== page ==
We are about to see brutality in Europe on a scalethat will be almost beyond our comprehension. Russia is turning to increasinglyindiscriminate bombardment of Ukraine to try to achieve its aims after the failureof its initial military strategy. Vladimir Putin’s invasion has shattered theold belief that the era of wars between European nation states was over becausethe consequences were simply too grim. The policy of sanctions as a deterrentfailed. The assumptions that have driven European geopolitics for a generationare changing before our eyes.
Nowhere is this shift more dramatic than inGermany. After reunification, the country’s defence spending plummeted and fordecades subsequent governments rejected requests from allies to spend more onmilitary. Chancellor Olaf Scholz has now announced that Germany will not useNord Stream 2, the recently completed pipeline intended to bring Russia gasstraight into the country. Even more strikingly, Germany will meet the Natotarget of spending 2 per cent of GDP on defence (a rise from 1.5 per cent) by2024 – a big shift in policy, but one backed overwhelming by public opinion.
In afurther sign of how far the debate in Germany has shifted, Robert Habeck, theGreen vice-chancellor, has said he is open to keeping the country’s nuclearpower plants open beyond the end of this year when, by law, they are supposedto be shut off. Even if this doesn’t happen, Habeck’s comments show that theGerman government is finally realising the dangers of dependence on Russianenergy. Privately, senior figures in Berlin are suggesting to their Europeanpartners that they can stop importing Russian gas within two years. Russiasupplies a quarter of the gas used by France and more than half of the gas usedby Poland and the Baltic states. If these countries can find other sources ofenergy, they can reduce Putin’s leverage over the continent.
In Whitehall, Berlin’s change of mindset onNord Stream 2 and defence spending is welcome. But Germany’s new realism raisesquestions for Britain too. The UK prides itself on being the Nato member withthe biggest defence budget after the US: a position important to the specialrelationship and Britain’s role in European security. Now, the UK will soon beovertaken by Germany. A growing number of Tories will campaign for Britain toremain Nato’s largest European defence spender, which would mean dedicating anextra 0.4 per cent of GDP – around £9 billion – to defence.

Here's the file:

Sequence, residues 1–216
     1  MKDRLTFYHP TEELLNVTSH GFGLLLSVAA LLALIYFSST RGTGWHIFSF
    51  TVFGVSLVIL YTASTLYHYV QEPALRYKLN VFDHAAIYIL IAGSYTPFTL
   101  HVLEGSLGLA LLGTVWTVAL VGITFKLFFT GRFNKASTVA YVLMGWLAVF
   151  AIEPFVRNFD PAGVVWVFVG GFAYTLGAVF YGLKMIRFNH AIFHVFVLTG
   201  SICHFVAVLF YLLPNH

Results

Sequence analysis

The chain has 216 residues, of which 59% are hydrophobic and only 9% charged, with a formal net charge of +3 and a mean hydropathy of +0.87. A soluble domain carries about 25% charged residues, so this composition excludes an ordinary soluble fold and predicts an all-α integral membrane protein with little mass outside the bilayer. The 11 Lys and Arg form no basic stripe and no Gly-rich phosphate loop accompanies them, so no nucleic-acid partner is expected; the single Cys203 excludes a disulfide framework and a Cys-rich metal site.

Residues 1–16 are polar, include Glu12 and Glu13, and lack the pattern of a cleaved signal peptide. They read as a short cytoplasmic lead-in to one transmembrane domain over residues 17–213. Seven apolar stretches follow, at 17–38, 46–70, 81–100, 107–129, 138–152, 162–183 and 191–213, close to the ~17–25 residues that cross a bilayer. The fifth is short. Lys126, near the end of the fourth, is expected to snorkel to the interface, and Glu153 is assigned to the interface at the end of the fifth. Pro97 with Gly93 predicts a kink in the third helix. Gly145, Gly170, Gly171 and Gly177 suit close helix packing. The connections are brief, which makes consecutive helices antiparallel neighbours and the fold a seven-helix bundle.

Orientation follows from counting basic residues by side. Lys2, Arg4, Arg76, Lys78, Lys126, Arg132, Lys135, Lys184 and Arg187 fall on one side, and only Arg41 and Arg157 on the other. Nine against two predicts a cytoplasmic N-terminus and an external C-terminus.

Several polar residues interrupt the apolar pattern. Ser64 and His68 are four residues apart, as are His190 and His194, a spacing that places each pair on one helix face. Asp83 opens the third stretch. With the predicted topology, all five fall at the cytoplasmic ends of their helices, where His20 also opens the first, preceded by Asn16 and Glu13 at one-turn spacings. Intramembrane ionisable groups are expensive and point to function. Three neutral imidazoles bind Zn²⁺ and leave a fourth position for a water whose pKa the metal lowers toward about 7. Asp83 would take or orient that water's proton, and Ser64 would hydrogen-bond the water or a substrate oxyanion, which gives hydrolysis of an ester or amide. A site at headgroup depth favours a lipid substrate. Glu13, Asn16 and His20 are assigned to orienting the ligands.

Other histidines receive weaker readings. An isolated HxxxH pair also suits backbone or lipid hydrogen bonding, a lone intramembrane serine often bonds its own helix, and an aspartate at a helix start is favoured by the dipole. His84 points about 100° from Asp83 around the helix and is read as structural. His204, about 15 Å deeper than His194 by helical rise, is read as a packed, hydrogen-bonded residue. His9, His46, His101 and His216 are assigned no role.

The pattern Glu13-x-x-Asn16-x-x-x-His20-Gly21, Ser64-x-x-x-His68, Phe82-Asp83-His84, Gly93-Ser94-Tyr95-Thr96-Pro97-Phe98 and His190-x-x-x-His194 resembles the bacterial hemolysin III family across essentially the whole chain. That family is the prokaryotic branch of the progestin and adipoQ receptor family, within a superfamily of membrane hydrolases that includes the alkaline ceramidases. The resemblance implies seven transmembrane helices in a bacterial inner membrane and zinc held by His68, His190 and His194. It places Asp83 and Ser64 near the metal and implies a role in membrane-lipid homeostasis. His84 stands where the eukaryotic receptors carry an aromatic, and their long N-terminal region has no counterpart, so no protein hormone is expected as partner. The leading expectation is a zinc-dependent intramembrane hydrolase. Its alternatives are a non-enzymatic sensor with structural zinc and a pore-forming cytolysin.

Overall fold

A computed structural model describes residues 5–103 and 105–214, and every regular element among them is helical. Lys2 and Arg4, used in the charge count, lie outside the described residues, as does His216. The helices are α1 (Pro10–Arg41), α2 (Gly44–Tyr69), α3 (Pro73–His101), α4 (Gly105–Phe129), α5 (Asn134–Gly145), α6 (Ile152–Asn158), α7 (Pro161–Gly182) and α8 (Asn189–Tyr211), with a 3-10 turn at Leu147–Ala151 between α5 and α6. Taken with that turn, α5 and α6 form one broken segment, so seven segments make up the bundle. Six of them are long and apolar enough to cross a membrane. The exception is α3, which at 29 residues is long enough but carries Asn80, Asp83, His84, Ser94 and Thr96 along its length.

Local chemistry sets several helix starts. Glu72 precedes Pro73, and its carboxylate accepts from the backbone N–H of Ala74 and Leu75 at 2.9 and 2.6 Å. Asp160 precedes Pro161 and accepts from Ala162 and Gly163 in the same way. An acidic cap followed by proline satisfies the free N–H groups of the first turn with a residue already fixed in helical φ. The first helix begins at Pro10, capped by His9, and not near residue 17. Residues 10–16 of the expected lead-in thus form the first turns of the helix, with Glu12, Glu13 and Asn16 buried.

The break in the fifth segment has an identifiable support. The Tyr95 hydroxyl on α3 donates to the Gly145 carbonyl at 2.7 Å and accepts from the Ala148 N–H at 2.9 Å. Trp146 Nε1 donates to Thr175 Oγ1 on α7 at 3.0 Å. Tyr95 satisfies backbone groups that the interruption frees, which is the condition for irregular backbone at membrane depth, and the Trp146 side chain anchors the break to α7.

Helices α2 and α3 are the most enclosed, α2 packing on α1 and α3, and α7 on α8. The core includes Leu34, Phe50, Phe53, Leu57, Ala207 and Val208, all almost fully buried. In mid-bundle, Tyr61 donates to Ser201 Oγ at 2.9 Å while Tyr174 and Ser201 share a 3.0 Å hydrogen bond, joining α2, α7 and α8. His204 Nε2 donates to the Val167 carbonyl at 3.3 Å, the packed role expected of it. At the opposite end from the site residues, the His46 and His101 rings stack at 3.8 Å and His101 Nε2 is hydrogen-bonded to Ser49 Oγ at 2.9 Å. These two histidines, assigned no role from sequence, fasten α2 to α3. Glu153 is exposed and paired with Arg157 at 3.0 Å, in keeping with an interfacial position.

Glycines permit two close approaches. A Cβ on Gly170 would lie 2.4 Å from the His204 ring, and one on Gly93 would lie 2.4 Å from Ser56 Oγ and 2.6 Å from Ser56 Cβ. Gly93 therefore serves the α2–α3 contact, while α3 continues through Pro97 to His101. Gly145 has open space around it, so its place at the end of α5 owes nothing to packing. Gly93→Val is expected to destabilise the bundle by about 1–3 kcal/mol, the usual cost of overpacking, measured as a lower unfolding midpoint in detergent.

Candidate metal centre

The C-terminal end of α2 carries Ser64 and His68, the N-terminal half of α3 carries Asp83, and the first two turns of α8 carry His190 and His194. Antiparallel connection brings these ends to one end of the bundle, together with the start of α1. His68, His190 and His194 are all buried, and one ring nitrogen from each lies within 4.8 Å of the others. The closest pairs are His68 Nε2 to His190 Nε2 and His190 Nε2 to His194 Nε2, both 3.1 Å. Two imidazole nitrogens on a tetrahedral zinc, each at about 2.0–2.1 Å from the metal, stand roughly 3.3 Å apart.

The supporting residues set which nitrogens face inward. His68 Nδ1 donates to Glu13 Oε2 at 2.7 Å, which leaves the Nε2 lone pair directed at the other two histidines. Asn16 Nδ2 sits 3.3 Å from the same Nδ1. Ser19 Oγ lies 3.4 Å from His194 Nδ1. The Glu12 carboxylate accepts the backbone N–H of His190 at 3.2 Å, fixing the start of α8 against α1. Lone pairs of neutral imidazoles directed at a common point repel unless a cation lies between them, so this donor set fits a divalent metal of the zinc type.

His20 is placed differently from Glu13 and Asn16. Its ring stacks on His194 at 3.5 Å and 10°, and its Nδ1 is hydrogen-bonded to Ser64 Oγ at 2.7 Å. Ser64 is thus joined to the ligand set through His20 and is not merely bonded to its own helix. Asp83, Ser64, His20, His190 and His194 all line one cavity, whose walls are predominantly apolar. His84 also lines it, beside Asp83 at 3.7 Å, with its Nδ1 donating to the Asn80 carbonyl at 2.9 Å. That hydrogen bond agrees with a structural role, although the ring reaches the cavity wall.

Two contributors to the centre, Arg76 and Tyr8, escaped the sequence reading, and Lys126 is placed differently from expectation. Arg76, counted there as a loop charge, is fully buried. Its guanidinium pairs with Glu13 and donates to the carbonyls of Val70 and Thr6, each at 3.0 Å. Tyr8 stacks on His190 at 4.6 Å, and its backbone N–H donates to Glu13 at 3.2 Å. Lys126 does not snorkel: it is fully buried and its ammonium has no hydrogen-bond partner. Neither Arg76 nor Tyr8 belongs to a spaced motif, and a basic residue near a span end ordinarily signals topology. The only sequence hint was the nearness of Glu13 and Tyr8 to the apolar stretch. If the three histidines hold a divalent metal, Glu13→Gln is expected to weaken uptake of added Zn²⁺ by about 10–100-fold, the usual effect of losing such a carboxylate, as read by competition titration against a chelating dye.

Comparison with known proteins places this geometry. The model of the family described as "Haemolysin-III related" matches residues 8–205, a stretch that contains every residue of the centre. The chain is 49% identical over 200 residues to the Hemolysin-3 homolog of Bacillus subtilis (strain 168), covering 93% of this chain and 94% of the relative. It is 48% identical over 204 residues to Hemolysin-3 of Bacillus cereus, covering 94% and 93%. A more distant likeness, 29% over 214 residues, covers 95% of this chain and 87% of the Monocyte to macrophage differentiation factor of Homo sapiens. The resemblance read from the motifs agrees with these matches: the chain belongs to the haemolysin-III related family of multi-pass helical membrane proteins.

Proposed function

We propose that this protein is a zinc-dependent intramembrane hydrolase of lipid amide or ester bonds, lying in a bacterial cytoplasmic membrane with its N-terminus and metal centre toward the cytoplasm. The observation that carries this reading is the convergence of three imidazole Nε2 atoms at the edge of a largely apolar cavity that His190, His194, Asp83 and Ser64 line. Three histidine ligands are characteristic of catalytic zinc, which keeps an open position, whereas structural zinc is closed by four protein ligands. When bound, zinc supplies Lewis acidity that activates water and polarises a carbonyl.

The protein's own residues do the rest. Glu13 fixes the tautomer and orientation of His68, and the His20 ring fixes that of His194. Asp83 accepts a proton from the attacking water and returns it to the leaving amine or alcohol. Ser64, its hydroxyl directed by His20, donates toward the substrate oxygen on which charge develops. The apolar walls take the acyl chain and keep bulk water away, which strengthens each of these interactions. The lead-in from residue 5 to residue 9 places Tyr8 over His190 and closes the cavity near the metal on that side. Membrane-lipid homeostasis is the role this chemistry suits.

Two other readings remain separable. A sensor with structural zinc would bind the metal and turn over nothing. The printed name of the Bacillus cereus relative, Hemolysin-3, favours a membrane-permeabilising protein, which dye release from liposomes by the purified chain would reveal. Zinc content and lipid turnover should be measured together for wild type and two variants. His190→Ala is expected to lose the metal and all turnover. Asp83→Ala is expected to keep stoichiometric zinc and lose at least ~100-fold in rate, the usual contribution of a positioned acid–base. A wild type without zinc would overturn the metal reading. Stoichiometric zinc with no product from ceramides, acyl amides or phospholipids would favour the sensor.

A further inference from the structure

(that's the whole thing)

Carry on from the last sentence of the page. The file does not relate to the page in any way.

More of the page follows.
It’s easy to see where such money would go.Russia’s escalating aggressions – Georgia in 2008, the annexation of Crimea in2014 and the invasion of Ukraine in 2022 – have obvious implications for thesecurity of the Baltic states. There will need to be permanent deployments onNato’s eastern flank to deter further Russian revanchism.
At the start of the war, the government wasworried about ‘creeping normalisation’ – that the Russians would strike fast,install a puppet government in Kiev and then most countries in Europe would,after a brief period of condemnation, edge back to their previous positions.‘If Putin had done it surgically and quickly, a lot of people would have wantedto get back to business as normal,’ says one cabinet minister. Instead, theshift in Europe’s mood has been profound and decisive – and the barbarity thatPutin is prepared to unleash will only strengthen that resolve.
Putin’s goal will be to turn Ukraine into anew Belarus with a pro-Kremlin leader and then withdraw his troops. There isgrowing confidence in Whitehall that even if this happens, western countrieswill continue to impose sanctions and deliver defensive weapons to theremaining Ukrainian resistance forces. The economic sanctions on Russia havealready had a dramatic effect: its currency has plunged, its interest rate hasmore than doubled and its economy is forecast to contract by about 20 per cent.Around half of global shipping is closed to Russia.
One of the remarkable things about thesanctions is not just how sweeping they are (the moves against the Russiancentral bank were unexpected) but how many countries are joining the effort.When Boris Johnson spoke to the One Nation caucus of Tory MPs on Monday night,he highlighted the fact that Japan and Singapore had signed up to the sanctions.These countries are not just motivated by concern over Ukraine. They also wantto send a message to China about what happens to aggressors who invadeneighbours. ‘All the Asian allies recognise that this is in their interests,’one government source tells me.
Whatever happens militarily, this crisis willdrag on for some time. But as Russia’s artillery and air power do their worst,it’s clear that Putin has badly miscalculated. ‘Putin got three things wrong,’argues one secretary of state. ‘He totally underestimated the determination ofthe Ukrainians to fight. He totally underestimated the West’s determination andunity; he thought we were too decadent. And he thinks that this is Stalin’sRussia and that people will put up with all sorts of hardships without sayinganything.’ The fact that Putin’s regime is making moves against the country’sremaining independent media does suggest a nervousness about what Russiansthink of the war.
It has taken the wholesale invasion of asovereign country to make the democratic world grasp just how much peril therules-based international order is in. The threat of international isolationhas proven ineffective against a bellicose dictator who is indifferent toeconomic deterrents and thinks history is made by those prepared to use force.The democratic world faces a threat more serious than any since the Cold War.Then, the West showed that it was prepared to build up a military that coulddefend the rules-based order. Ronald Reagan had a phrase for it: ‘Peace throughstrength.’ Once again, this is the free world’s best strategy.
Got something to add? Join the discussion and comment below.
You might disagree with half of it, but you’ll enjoy reading all of it. Try your first 10 weeks for just $10